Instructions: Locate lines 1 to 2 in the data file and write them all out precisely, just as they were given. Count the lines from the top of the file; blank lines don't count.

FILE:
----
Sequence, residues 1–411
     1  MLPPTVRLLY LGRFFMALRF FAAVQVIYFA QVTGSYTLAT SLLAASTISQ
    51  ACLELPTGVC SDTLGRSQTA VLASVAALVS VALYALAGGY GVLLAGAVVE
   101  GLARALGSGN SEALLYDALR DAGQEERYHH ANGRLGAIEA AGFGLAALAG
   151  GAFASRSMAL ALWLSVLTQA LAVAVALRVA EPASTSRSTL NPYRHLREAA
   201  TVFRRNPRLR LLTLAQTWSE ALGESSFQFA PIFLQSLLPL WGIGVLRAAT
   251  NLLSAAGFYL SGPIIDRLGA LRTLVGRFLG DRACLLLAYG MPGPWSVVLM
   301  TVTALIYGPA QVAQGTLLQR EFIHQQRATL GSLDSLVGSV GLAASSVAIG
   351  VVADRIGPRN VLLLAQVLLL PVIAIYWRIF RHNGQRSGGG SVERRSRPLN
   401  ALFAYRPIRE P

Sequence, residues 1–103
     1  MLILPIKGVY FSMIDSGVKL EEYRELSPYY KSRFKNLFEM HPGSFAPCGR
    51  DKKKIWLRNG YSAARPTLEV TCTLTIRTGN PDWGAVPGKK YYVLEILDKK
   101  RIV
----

Sequence, residues 1–411
     1  MLPPTVRLLY LGRFFMALRF FAAVQVIYFA QVTGSYTLAT SLLAASTISQ